Definition of graffiti in English:

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Pronunciation: /ɡrəˈfiːti/

plural noun (singular graffito /ɡrəˈfiːtəʊ/)

[treated as singular or plural]
Writing or drawings scribbled, scratched, or sprayed illicitly on a wall or other surface in a public place: the station was covered in graffiti
More example sentences
  • A classroom was trashed and walls were daubed with graffiti spray before the wooden library door was set alight.
  • In Cricklade, its store has had graffiti sprayed on the walls.
  • Police in Swindon are urging residents to come forward with clues to help snare vandals who sprayed racist graffiti on walls in Old Town.


[with object] (usually as adjective graffitied)
1Write or draw graffiti on (something): the graffitied walls
More example sentences
  • In January 2001 three-quarters of their pavilion was burnt down, costing an estimated £200,000 to repair, and the metal shutters were graffitied just last week.
  • The youths used threatening behaviour, caused damage to vehicles, threw missiles at neighbours' property, verbally abused and intimidated neighbours and graffitied the area.
  • It is heavily graffitied and the dripping paint forms a chaotic pattern that completely disrupts the flat and freshly plowed field in the background.
1.1Write (words or drawings) as graffiti: graffitied names sprayed on bus shelters
More example sentences
  • When a platoon of American troops in WWII were making their way across Europe, they came across a bombed-out monastery with these words graffitied on its basement wall.
  • ‘The paramilitaries have graffitied threats against us on the walls.’
  • When Nazi swastikas were graffitied around where he worked, it took managers over a year to have them cleaned up.


In Italian the word graffiti is a plural noun and its singular form is graffito. Traditionally, the same distinction has been maintained in English, so that graffiti, being plural, would require a plural verb: the graffiti were all over the wall. By the same token, the singular would require a singular verb: there was a graffito on the wall. Today, these distinctions survive in some specialist fields such as archaeology but sound odd to most native speakers. The most common modern use is to treat graffiti as if it were a mass noun, similar to a word like writing, and not to use graffito at all. In this case, graffiti takes a singular verb, as in the graffiti was all over the wall. Such uses are now widely accepted as standard. A similar process is going on with other words such as agenda, data, and media.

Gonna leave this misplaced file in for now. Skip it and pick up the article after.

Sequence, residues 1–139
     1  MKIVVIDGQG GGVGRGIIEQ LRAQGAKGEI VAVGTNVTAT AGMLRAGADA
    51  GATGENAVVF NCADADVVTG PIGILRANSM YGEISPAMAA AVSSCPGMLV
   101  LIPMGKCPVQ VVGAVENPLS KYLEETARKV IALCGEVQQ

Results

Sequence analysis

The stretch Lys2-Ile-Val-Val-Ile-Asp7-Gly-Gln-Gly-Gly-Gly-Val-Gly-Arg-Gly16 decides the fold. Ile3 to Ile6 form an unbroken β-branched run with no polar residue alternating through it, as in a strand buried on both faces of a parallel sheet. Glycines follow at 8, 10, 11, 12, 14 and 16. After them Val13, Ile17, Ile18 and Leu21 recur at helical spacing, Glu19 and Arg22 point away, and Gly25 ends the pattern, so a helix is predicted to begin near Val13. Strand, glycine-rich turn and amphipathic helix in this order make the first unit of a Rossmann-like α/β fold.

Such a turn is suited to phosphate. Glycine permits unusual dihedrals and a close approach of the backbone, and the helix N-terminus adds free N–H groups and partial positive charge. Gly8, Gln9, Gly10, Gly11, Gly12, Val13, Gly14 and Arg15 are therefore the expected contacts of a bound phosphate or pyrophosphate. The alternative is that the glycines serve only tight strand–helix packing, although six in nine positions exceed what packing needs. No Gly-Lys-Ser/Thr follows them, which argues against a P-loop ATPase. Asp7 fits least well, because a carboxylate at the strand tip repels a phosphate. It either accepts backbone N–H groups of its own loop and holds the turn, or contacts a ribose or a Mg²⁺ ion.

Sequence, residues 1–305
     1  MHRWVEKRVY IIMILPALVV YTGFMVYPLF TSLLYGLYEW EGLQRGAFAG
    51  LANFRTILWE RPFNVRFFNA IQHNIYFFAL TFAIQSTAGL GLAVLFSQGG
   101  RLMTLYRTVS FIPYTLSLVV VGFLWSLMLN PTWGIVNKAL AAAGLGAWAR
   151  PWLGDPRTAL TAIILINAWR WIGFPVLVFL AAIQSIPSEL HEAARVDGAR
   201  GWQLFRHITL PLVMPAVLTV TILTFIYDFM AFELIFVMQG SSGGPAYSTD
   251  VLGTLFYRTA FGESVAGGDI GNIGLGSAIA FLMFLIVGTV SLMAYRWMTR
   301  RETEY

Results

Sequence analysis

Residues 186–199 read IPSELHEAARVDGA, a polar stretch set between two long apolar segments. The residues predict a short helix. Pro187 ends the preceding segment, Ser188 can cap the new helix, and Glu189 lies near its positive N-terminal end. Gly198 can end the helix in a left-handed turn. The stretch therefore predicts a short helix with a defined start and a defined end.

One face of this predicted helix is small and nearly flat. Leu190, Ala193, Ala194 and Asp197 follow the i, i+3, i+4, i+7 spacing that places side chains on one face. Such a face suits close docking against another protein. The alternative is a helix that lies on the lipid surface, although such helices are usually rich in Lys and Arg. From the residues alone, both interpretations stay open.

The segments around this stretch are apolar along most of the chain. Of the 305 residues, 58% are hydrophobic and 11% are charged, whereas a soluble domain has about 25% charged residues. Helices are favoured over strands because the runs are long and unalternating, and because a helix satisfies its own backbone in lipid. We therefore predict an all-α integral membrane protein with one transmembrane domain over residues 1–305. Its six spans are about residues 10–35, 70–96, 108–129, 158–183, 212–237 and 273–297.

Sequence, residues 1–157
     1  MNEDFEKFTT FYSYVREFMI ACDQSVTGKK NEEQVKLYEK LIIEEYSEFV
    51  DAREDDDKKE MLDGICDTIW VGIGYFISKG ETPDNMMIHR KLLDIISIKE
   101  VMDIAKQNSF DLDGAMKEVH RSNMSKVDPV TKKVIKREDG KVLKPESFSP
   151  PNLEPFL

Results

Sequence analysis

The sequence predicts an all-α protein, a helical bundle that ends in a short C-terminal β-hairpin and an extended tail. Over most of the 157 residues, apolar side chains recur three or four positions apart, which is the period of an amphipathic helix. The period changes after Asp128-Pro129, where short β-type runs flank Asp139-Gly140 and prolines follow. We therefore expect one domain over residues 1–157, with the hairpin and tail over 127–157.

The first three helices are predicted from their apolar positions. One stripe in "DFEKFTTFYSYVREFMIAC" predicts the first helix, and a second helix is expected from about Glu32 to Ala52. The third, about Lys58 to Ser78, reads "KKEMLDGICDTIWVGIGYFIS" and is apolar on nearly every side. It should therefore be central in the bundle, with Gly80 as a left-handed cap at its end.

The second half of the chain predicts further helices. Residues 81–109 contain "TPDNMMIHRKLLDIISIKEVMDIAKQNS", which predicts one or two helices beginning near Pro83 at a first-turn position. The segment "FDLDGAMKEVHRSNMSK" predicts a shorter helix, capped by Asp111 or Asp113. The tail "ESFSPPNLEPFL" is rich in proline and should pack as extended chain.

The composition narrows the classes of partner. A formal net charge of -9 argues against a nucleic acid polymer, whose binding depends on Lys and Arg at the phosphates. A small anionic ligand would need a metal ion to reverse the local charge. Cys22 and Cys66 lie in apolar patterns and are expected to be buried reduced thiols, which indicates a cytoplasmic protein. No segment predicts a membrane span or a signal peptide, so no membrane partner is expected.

Example sentences
  • The recently-erected bus shelters are much appreciated by the bus-travelling public, but graffitists and worse are already targeting them.
  • A graffitist wants his tag or piece (and the overwhelming majority are male) to be conspicuous for as long as possible
  • After all, a graffitist can scrawl an offensive message in seconds.


Mid 19th century: from Italian (plural), from graffio 'a scratch'.

  • Although we think of graffiti as being scribbled, painted, or sprayed on a wall, it was originally scratched on. The word first appeared in English in the mid 19th century and was applied to ancient wall drawings or inscriptions found in ruins in Rome or Pompeii. This was an adoption of an Italian word in the plural form (the singular being graffito), from graffio ‘a scratch’.

Words that rhyme with graffiti

Beatty, entreaty, meaty, Nefertiti, peaty, sleety, sweetie, Tahiti, titi, treaty

For editors and proofreaders

Line breaks: graf|fiti

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